In our world today, bigger usually means better. And while that is true to a certain degree, there is the counter adage of big things coming in small packages. This is Fiat’s approach and being the little guy is sometimes quite swell. The Italian automaker focuses on what they call a modern, yet simple approach that blends functionality, technology, and ownership pride. Fiat wants drivers to feel a sense of self-expression and points their design and engineering efforts toward that end.
I’m a Fiat owner which, considering my affinity for muscle cars and long history of truck ownership, having a 500X is quite the departure. Yet, I enjoy my Fiat very much. It’s different in every regard in terms of its styling and interior layout, but it’s comfortable, reliable, and remarkably efficient. I’ve even turned a few heads when I have my 500X all shined up on a nice day.
Depending on your personality, a Fiat might be ideal for you. I say personalty because Fiat owners are a different bunch, but we’re a merry bunch to be sure. If you’re thinking about something Italian and something a bit out of the ordinary, then this list below is for you. Here is a brief look at the entire Fiat lineup to help you decide which one you like best.
The 2018 Fiat 500 is available in three models: Pop, Lounge, and the higher-performance Abarth. The latter is definitely the most fun, but for the sake of daily driving, the first two are likely to best suit you. The Pop and Lounge have plenty of pep with the 1.4-liter MultiAir Turbo that delivers 150 lb-ft. of torque and 135 horsepower, an increase of 34 horsepower versus the 2017 model. The engine is paired with a five-speed manual transmission or the optional six-speed automatic, and there’s even a sport-tuned exhaust.
Pop and Lounge models have 16-inch aluminum wheels for curb appeal, a performance-oriented braking system for safety, a sport-tuned suspension for better handling, and a backup camera because busy parking lots are always tricky. Optional equipment is no longer grouped into “collections,” meaning different features can be easily combined and interchanged with one another.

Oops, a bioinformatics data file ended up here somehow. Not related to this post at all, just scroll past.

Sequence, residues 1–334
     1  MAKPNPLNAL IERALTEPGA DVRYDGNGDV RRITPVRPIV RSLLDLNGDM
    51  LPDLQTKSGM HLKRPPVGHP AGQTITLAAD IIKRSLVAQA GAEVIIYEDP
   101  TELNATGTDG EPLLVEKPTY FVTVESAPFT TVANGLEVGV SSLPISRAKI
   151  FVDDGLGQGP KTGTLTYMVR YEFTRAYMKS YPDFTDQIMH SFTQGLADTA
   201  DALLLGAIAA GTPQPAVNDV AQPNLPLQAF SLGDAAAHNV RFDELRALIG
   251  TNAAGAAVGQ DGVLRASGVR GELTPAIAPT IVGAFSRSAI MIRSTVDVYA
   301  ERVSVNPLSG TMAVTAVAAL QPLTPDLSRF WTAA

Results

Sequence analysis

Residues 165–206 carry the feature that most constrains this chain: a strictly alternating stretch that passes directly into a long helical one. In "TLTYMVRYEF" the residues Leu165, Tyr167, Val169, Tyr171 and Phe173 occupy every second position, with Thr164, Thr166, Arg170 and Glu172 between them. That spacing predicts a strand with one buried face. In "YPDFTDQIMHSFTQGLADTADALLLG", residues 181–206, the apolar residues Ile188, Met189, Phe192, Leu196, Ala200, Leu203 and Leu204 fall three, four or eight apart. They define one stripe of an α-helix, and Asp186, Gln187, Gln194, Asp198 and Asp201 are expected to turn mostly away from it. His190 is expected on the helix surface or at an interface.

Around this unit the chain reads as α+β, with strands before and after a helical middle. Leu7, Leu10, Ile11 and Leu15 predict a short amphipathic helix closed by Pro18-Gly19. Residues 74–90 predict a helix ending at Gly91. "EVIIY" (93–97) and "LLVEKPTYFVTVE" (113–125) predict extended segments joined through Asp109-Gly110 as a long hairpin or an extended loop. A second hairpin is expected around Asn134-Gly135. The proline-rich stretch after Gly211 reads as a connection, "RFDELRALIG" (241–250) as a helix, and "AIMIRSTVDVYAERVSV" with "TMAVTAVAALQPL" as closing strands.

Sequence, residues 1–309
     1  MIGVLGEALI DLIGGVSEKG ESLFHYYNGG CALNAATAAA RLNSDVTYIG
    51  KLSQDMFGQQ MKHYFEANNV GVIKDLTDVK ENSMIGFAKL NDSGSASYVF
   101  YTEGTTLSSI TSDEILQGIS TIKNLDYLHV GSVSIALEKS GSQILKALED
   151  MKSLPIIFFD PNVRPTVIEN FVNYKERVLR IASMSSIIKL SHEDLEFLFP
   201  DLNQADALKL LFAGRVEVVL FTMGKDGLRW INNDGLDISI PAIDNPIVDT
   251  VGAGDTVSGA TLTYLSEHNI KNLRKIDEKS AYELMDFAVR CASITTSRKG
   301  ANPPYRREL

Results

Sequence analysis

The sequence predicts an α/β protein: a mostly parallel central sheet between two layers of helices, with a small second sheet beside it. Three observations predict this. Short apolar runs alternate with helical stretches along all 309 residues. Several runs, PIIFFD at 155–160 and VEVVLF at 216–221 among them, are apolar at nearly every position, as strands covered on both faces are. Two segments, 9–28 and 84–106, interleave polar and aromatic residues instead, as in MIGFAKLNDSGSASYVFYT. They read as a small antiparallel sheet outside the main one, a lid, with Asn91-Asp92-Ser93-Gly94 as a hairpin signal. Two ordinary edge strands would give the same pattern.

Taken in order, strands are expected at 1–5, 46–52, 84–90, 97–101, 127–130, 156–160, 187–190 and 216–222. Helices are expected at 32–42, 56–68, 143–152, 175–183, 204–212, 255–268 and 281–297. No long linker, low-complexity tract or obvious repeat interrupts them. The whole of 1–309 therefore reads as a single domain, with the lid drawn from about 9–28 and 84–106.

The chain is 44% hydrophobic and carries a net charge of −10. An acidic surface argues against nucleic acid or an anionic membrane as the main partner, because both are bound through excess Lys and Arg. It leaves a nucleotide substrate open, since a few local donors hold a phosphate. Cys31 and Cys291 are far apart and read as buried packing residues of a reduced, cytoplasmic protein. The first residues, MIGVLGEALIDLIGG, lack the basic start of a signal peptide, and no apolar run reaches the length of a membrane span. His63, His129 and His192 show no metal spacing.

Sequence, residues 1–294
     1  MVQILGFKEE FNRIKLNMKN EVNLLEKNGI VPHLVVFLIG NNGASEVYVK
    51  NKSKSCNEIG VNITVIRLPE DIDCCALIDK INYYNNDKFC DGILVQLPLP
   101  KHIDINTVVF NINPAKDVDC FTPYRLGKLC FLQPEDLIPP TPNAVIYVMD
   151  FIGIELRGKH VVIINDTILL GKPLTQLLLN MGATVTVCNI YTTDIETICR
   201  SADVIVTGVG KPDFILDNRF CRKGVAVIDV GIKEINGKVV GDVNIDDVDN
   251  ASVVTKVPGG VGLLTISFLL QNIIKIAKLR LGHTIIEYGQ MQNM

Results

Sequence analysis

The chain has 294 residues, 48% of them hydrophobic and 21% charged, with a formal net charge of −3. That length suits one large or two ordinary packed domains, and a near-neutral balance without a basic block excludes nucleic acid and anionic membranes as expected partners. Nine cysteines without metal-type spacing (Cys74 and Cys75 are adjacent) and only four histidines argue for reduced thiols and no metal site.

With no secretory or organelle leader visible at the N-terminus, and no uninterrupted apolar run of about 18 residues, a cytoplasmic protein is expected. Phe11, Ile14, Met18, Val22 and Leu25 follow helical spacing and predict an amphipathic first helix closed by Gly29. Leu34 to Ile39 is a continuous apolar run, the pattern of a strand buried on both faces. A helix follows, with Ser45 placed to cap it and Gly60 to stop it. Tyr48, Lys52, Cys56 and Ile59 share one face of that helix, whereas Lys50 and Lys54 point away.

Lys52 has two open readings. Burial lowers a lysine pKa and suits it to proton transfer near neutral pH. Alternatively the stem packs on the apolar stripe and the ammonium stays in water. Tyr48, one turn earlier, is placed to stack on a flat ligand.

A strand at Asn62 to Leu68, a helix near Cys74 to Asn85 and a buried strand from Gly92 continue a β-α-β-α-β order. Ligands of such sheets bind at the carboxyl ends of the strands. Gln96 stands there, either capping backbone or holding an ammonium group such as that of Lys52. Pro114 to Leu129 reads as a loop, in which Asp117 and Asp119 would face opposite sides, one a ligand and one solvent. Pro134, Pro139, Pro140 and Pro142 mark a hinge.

The Fiat 500 Pop starts at $14,995; the Lounge at $18,395, with the Abarth landing at $19,995. All trim levels are available as a Cabrio (convertible) for an additional $1,495. Fuel economy for the 500 is 31/40 mpg city/highway with the Abarth coming in at 28/34 mpg city/highway.
If you need a little more spark, the 500 Abarth may suit your tastes with its lickety-split temperament. Bearing the name of Karl Alberto Abarth, it features a performance suspension, 16-inch Hyper Black aluminum wheels, Pirelli tires, and a really cool sounding exhaust system. The 1.4-liter MultiAir Turbo here puts out a bit more grunt: 160 horsepower and 183 lb-ft. of torque, with a Sport mode and torque transfer control system to really maximize performance.
The 500 Abarth is a driver’s car through and through. When you get inside, it’s simple. There’s no clutter, nothing fancy (although you can do a sunroof), and it’s not the least bit quiet. But it’s like a little rocket on four wheels and if you want all the joys of driving and none of the frills, the 500 Abarth is among the best choices on the market. The seats hold you tight, the suspension keeps you planted, and the turbo boost gauge is a blast to watch.
Sometimes this little guy gets missed, but it’s a hidden gem as electrified vehicles become increasingly more plausible for consumers. The Fiat 500e offers over 80 miles of driving range, 121 miles per gallon equivalent in the city and 112 MPGe combined. The regenerative braking system can use 100 percent of its regenerative capability all the way down to eight mph. This maximizes efficiency but increases brake life – Fiat refers to this as “blended braking.” Right now, the vehicle is only available in California and Oregon.